As we previewed in our earlier post, the COVID-19 pandemic raises new and heightened false advertising concerns for companies seeking to capitalize through mentions of the virus in marketing or consumer outreach efforts. During this harried time, both the unwary – and the well-informed – advertiser should navigate carefully to avoid the trap of consumer and competitor lawsuits, government enforcement actions, and even prosecution.

Section 5(a) of the FTC Act declares unlawful “unfair or deceptive acts or practices in or affecting commerce.” And when the FTC has “reason to believe” that a violation may have occurred, it may launch a civil investigation or sue the alleged transgressor. Fraudulently misleading the public can also subject a company to prosecution or enforcement action by the SEC depending on the types of representations. Class-action lawsuits are tools available to private citizens under numerous state laws that can target misleading advertising. Similarly, Section 43(a)(1)(B) of the Lanham Act authorizes false advertising claims by competitors that are injured by a defendant’s false or misleading claims.

Our earlier article noted that the FTC and FDA were already focused on COVID-19 related advertising. That trend continues and shows no sign of abating.

For example, on March 31, 2020, the FDA sent a warning letter to CBD manufacturer NeuroXPF regarding its website. According to the FDA, the website offers CBD products for sale in the United States “intended to mitigate, prevent, treat, diagnose, or cure COVID-19 in people.” The FDA warned that these products are unapproved new drugs sold in violation of section 505(a) of the Federal Food, Drug, and Cosmetic Act (“FDCA”), and thus “misbranded drugs” under section 502 of the FDCA (21 U.S.C. § 352). The FDA expressed specific concerns about the following claims on NeuroXPF’s website and various social media sites for which the company provides content:

  • Crush Corona . . . While scientists around the world are working 24/7 to develop a COVID-19 vaccine, it will take many more months of testing before it’s approved and available. However, there’s something you can do right now to strengthen your immune system. Take CBD . . . CBD can help keep your immune system at the stop of its game. . . . We want everyone to take CBD and take advantage of its potential to help prepare your body to fight a coronavirus infection. So, we’re making all of our products more affordable. – Previously posted at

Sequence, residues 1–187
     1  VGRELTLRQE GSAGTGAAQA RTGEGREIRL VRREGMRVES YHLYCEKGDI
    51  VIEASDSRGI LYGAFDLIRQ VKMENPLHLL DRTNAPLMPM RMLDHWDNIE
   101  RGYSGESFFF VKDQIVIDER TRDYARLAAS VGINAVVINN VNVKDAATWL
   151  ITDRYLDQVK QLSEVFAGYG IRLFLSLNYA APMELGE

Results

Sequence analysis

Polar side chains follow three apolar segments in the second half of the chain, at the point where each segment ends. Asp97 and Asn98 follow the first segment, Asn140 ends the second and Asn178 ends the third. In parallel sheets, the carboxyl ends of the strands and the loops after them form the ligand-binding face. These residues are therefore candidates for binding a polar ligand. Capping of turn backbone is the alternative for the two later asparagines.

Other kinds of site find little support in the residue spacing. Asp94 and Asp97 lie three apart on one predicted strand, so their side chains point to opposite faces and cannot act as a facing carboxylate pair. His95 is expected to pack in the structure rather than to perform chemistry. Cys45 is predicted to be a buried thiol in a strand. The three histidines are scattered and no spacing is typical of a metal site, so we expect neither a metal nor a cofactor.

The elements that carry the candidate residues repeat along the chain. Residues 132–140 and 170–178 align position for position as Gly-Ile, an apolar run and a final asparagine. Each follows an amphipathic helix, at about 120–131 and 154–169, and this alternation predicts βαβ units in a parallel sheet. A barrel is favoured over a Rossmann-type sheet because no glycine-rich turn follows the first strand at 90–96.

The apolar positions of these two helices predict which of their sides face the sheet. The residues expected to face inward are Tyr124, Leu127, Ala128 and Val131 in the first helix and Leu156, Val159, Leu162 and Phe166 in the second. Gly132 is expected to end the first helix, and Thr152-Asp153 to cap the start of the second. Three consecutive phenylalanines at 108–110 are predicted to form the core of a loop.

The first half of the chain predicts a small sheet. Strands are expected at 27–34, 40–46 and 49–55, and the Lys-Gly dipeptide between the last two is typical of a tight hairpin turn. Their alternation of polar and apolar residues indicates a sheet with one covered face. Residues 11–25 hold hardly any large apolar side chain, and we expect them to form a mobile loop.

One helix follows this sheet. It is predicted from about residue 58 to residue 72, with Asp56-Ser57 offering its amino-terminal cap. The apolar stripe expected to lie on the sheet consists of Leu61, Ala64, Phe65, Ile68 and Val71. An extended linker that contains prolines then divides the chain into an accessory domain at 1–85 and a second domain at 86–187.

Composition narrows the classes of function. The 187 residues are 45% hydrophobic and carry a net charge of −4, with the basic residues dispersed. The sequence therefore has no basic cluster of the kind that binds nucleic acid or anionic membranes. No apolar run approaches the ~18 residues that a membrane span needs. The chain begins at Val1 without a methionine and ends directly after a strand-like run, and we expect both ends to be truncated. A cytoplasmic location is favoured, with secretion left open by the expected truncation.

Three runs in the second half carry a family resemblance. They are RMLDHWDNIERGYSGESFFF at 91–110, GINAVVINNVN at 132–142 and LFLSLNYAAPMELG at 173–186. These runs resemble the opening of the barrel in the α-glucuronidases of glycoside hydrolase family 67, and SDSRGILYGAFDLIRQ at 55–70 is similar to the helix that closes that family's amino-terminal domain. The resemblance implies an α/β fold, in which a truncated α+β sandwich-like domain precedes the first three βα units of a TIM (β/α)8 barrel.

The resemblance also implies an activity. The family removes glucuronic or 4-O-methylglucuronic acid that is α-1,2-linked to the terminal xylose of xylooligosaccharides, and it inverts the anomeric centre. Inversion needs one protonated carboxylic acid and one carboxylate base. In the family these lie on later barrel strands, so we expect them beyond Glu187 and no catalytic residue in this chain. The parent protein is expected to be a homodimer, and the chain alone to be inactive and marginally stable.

• Crush Corona! Your best defense against the COVID-19 blitz starts with a strong immune system. It’s what protects your body from the everyday attacks of bacteria, viruses, parasites and a host of other nasties. Learn more here: – Previously posted at and

The FDA directed NeuroXPF to review its online presence to ensure that it stopped making any claims about COVID-19-related use for which the products had not been FDA approved. The FDA pointed out that “no competent and reliable scientific evidence, including, when appropriate, well-controlled human clinical studies,” substantiates claims that CBD can be used as a defense against COVID-19. The FDA also directed NeuroXPF to respond within 48 hours with the steps it had taken to remove and mitigate statements related to treatment of coronavirus disseminated by the company. The order departs from the FDA’s usual allotment of fifteen working days to address similar concerns. See here.

The FDA has since sent numerous warning letters to companies marketing COVID-19 tests, or products claiming to treat or prevent COVID-19. See here and here.

With the public at risk, activity by states’ attorneys general and law enforcement to carefully monitor representations concerning products being sold comes as no surprise. For example, American actor Keith Middlebrook recently claimed to have developed a cure for COVID-19, offering a 100X return to investors in his supposed cure. See here. Following an undercover meeting with Middlebrook, he was arrested and charged with wire fraud.

Finally, as we expected, the plaintiffs’ bar is monitoring these actions and following suit. Target is now facing a lawsuit alleging that its store-brand hand sanitizer is misleading to consumers because it represents it can “eliminate 99.99% of germs.” Taslakian v. Target Corporation, et al., Case No. 2:20-cv-02667, Central District of California. Taslakian bases her claim, in part, on Target’s comparison of its product to Purell, which makes a similar representation, and notes that Purell recently received a warning letter from the FDA in early 2020 regarding its 99.99% claim. See here.

A wary eye could have avoided many of these issues for companies and individuals, underscoring the importance of continuing to exercise caution before making product representations to the public.

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